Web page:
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FRBSF Economic Letter

1996-28 | October 4, 1996

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Is Opportunistic Monetary Policy Credible?

Glenn D. Rudebusch

Monetary policy actions are widely considered to be better implemented and more effective when they are credible–that is, when the goals and strategies of the central bank have been clearly and believably communicated to the public. Thus, credibility is highly valued by central banks. Indeed, among some central banks, credibility is almost a mantra of policy.

In apparent contrast, an “opportunistic” strategy for monetary policy has recently gathered attention. With an opportunistic strategy, monetary policymakers officially maintain an ultimate goal of low inflation but may do little to achieve it, waiting instead for good fortune to supply it. For example, as noted in the Wall Street Journal (Wilke 1996), “…when inflation is relatively low, as it is today, [opportunistic] policymakers should wait for unforeseen recessions to make further progress against inflation….”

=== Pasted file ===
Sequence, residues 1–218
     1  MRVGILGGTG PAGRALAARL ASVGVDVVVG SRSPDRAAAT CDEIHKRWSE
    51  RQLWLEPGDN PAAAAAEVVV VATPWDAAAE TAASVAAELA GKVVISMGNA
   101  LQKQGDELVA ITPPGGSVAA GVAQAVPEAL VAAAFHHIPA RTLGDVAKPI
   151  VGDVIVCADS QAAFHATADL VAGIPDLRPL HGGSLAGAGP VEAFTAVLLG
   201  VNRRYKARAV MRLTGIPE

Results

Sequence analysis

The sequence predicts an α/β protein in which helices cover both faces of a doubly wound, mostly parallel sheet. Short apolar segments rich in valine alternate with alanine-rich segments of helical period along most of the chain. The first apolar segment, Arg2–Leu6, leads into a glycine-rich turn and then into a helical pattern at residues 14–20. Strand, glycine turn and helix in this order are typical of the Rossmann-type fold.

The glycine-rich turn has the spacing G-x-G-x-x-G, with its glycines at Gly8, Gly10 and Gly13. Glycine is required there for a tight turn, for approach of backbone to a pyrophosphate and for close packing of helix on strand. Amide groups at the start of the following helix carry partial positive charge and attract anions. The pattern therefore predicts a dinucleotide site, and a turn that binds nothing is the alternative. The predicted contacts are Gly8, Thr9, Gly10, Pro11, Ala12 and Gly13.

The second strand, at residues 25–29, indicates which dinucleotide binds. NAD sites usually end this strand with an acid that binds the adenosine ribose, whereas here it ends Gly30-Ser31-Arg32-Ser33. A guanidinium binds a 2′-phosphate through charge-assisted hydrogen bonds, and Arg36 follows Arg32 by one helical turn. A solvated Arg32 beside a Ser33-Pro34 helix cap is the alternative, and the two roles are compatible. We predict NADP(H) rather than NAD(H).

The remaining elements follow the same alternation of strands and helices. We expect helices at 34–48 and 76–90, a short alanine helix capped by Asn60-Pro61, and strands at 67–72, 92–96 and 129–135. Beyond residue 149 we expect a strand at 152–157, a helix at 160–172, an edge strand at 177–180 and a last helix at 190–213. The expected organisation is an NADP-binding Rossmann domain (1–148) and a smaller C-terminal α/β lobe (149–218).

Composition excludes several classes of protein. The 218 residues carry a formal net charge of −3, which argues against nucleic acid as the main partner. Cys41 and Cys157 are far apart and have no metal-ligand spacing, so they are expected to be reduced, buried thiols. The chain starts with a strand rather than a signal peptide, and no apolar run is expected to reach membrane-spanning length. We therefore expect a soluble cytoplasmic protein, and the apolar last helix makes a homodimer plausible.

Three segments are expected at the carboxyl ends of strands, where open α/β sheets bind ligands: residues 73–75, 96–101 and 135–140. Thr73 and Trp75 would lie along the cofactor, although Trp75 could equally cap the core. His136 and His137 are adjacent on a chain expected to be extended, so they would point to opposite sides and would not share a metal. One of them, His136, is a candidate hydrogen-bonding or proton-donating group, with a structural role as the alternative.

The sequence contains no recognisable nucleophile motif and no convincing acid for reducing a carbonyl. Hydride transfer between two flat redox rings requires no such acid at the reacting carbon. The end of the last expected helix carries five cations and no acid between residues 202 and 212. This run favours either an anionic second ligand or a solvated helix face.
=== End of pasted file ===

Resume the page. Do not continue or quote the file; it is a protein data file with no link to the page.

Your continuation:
There is an obvious tension between credibility and opportunism. The public may be skeptical about the importance or validity of an ultimate inflation target when it is promulgated but not acted upon by an opportunistic central bank. This Economic Letter considers whether opportunism necessarily leads to such a credibility gap. It suggests that the dissonance between credibility and opportunism is not merely superficial but intrinsic.

What is opportunistic monetary policy?

Federal Reserve Chairman Alan Greenspan has often stated a long-run goal of price stability, a situation where, as a practical matter, inflation does not play a significant role in the decisions of households and businesses. This goal is typically interpreted as one of very low inflation–say, around 1 percent in the CPI. The achievement of such price stability increasingly has been seen by many central banks as the primary focus of monetary policy. This new focus has been motivated, in part, by the view that the chief contribution that monetary authorities can make to the long-term growth of their economies is to eliminate the uncertainties and distortions associated with inflation.